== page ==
Having been so impressed with the power and gravel of the Eight Rounds Rapid (ERR) single ‘Tricks’ I couldn’t wait to review the album Love Your Work. No third album woes for Jules Cooper (bass), Lee Watkins (drums), Simon Johnson (guitar) and David Alexander (vocals). They hail from Canvey Island, on the Thames Estuary, and in the Dr. Feelgood documentary ‘Oil City Confidential’ film maker Julian Temple talks about Canvey Island being the UK’s answer to the Mississippi delta that spawned or inspired blues artists like Big Joe Williams, Muddy Waters, Howlin’ Wolf and Bessie Smith. The blues (Delta or otherwise) often dealt with poverty and inequality and contained a bite and disaffection that Eight Rounds Rapid also channel in their work. Don’t get me wrong, Eight Rounds Rapid are neither a blues band nor a pub rock throw-back, they are as vital, and in-your-face topically angry as Idles or Sleaford Mods.
So make sure you put your seatbelt on and once the ‘tick-tick-tick’ opening of the first track ‘You Wait’ is over, brace yourself as ERR burnout from a standing start to complete this 12-track race course in a 30-minute thrill ride. You’ll struggle to catch your breath as ‘Passive Aggressive’ starts with tightly percussive drums, staccato guitar, and repeated shouts of “Regressive, excessive is passive aggressive” before descending into a cacophony of instruments and vocals; like the sound of a city dialled up to 11. Song after song dodges, weaves, and delivers swift combinations of jabs, hooks, crosses and uppercuts from both the intensity of musicians who must be fed a steady flow of electricity while playing. The vocals which have an upper-register urgency that brings a too-many-coffees judder to the mix and where the songs aren’t pell-mell with urgency, they can be sinewy and 50’s-nightclub like ‘Eating’ or wrong-side-of-town edgy like ‘Letter’, ‘Ageing Athlete’ or ‘Retro Band’ which cuts deep with a splintering guitar line that I’m sure the late Andy Gill of Gang of Four might have inspired and, no doubt, would have loved.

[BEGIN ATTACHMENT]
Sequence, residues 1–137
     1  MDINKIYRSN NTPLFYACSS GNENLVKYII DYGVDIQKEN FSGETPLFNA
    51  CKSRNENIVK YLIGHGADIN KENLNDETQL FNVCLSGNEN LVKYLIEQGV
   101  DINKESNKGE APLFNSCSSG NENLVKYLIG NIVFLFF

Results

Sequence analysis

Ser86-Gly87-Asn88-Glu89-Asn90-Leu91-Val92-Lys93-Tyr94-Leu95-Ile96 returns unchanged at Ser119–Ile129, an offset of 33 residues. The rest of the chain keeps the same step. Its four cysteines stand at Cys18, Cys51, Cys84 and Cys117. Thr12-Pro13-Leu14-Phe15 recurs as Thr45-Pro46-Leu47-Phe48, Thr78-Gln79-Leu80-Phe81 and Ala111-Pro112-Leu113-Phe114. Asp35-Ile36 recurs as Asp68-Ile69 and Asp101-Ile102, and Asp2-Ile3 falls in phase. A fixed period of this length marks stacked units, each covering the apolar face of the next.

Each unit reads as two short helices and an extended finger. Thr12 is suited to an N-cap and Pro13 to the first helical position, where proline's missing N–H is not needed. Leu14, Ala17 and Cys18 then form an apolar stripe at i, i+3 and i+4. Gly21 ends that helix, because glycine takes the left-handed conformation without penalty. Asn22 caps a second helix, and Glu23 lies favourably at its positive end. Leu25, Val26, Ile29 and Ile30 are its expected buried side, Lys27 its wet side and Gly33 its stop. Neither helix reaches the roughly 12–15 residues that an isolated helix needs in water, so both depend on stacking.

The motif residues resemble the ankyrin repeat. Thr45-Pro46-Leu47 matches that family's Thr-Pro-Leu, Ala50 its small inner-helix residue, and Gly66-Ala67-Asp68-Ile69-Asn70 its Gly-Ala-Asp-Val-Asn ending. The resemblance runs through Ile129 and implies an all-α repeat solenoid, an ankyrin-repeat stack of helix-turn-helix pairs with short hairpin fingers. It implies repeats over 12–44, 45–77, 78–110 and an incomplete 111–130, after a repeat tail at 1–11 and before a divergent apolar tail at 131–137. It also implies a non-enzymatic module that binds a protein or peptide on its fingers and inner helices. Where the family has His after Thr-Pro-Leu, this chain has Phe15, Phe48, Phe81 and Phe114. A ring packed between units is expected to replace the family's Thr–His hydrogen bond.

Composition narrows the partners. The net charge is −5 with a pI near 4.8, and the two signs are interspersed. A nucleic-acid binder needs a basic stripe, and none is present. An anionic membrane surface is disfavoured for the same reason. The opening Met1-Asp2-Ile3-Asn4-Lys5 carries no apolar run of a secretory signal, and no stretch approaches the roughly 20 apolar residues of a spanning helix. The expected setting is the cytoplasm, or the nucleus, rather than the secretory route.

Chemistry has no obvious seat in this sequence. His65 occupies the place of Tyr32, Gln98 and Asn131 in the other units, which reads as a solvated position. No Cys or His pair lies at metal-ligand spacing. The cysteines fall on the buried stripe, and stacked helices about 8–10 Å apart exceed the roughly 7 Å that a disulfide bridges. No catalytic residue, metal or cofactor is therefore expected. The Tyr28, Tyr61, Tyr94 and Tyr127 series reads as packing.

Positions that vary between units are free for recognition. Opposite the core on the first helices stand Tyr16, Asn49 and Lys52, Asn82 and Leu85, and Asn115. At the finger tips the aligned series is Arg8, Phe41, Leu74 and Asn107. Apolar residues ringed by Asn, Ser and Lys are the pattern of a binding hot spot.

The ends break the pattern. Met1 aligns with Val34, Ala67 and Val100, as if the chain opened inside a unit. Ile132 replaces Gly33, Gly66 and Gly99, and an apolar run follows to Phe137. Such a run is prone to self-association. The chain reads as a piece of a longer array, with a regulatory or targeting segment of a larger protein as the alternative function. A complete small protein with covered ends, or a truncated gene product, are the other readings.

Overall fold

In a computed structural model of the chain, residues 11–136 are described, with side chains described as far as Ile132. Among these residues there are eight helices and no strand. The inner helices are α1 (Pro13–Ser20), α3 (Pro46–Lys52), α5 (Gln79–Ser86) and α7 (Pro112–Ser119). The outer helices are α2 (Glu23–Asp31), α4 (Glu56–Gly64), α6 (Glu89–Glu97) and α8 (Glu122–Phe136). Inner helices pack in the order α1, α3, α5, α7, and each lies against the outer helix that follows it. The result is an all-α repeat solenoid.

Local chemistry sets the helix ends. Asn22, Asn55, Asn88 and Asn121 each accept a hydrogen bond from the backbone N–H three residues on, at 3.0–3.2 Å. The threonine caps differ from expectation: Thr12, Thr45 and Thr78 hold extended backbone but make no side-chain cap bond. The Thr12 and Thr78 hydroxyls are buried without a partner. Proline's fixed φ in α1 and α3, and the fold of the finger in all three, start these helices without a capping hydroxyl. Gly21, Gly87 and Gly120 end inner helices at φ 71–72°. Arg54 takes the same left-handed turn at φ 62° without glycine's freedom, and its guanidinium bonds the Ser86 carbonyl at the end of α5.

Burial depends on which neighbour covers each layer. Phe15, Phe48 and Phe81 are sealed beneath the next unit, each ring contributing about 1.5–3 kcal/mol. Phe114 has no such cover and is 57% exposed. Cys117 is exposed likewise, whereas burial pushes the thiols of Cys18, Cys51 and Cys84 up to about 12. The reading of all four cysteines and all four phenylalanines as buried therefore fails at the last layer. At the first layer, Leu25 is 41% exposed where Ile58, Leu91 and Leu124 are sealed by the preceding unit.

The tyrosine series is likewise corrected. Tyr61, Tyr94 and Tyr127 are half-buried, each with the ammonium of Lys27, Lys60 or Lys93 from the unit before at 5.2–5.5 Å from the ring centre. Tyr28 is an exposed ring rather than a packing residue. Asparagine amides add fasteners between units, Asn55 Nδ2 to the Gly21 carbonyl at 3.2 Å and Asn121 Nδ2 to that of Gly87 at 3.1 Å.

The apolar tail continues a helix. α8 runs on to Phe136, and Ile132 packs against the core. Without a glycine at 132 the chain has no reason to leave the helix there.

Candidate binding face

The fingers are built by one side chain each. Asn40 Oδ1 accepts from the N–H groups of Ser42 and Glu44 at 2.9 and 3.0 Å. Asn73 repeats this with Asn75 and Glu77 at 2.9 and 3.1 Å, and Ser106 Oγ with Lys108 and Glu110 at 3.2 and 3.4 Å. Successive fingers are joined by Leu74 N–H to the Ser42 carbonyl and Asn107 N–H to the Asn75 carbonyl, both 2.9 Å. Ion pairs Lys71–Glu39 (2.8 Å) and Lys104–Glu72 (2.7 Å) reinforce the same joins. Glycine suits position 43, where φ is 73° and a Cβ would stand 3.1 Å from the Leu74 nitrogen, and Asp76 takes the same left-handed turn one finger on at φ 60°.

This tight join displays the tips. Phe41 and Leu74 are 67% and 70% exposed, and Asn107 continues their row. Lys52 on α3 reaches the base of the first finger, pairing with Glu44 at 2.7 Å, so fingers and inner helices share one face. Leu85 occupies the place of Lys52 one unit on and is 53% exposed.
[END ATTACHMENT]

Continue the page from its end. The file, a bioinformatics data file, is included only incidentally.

Eight Rounds Rapid create a rambunctious, tumble of sounds with production that somehow manages to be simultaneously crisp and chaotic. The playing is all in service of the songs and when you listen to the sharp riffs and fuzzed up chords, immense bass lines that plumb depths or sparkle higher up the neck and exclamation mark drums that sound like they’ve been recorded in a vast wooden hall and then tamed at the mixing desk (check out the swaggering bounce of ‘Eating’) you can hear that ERR know how to play but are not showing off. And this well-trained hurricane of sounds offers a crucible which contains the precious metal of the lyrics. Angry, wry, social commentary and, to borrow from what said in my review of the single ‘Tricks,’ the use of language and rhyme elevates this album. This is no simple ‘My baby done me wrong’ take on blues but a compelling clash between the raw energy of the music and the refinement of such fantastic language: “the minor movements and the small degrees, primary numbers and the minor keys”, ““Ragamuffin. Street urchin, toe rag, scumbag, fag drag” and rhyming ‘masterplan’ and ‘élan’ – delicious. I’m not sure if the vinyl or download come with a lyric sheet but it would be doing the listening public a favour to be able to read along as the words are too good to miss a single barbed syllable.
Eight Rounds Rapid are like one of the Chinese New Year dragons: animated, cohesive, and yet blurred at the edges with the ferocity and colour of the movement. They are a fireball of abrasive musicality and brain food lyrics, and the combination brings a gripping, propulsive momentum like The Fast & The Furious but written by Charles Dickens and illustrated by William Hogarth.
Review by Paul F Cook